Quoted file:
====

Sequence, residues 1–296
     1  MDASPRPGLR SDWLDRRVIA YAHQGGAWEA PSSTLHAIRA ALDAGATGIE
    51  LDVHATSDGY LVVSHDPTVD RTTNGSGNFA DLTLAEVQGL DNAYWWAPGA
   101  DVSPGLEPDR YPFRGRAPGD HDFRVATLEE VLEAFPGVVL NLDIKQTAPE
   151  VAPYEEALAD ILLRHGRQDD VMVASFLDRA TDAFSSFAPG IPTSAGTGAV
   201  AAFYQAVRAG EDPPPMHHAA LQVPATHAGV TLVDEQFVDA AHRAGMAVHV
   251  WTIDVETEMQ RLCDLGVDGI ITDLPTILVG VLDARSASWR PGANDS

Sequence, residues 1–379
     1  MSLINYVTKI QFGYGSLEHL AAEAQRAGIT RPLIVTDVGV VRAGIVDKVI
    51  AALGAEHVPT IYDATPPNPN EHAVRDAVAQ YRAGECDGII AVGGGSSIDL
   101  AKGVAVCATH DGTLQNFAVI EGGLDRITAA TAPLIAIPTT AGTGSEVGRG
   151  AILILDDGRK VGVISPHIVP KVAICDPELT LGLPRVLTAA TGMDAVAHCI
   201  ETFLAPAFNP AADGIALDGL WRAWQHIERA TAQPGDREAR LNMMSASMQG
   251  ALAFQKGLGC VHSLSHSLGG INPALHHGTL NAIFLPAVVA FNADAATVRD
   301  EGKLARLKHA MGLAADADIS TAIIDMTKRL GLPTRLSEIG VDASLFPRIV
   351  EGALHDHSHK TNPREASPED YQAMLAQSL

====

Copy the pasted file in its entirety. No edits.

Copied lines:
Sequence, residues 1–296
     1  MDASPRPGLR SDWLDRRVIA YAHQGGAWEA PSSTLHAIRA ALDAGATGIE
    51  LDVHATSDGY LVVSHDPTVD RTTNGSGNFA DLTLAEVQGL DNAYWWAPGA
   101  DVSPGLEPDR YPFRGRAPGD HDFRVATLEE VLEAFPGVVL NLDIKQTAPE
   151  VAPYEEALAD ILLRHGRQDD VMVASFLDRA TDAFSSFAPG IPTSAGTGAV
   201  AAFYQAVRAG EDPPPMHHAA LQVPATHAGV TLVDEQFVDA AHRAGMAVHV
   251  WTIDVETEMQ RLCDLGVDGI ITDLPTILVG VLDARSASWR PGANDS

Sequence, residues 1–379
     1  MSLINYVTKI QFGYGSLEHL AAEAQRAGIT RPLIVTDVGV VRAGIVDKVI
    51  AALGAEHVPT IYDATPPNPN EHAVRDAVAQ YRAGECDGII AVGGGSSIDL
   101  AKGVAVCATH DGTLQNFAVI EGGLDRITAA TAPLIAIPTT AGTGSEVGRG
   151  AILILDDGRK VGVISPHIVP KVAICDPELT LGLPRVLTAA TGMDAVAHCI
   201  ETFLAPAFNP AADGIALDGL WRAWQHIERA TAQPGDREAR LNMMSASMQG
   251  ALAFQKGLGC VHSLSHSLGG INPALHHGTL NAIFLPAVVA FNADAATVRD
   301  EGKLARLKHA MGLAADADIS TAIIDMTKRL GLPTRLSEIG VDASLFPRIV
   351  EGALHDHSHK TNPREASPED YQAMLAQSL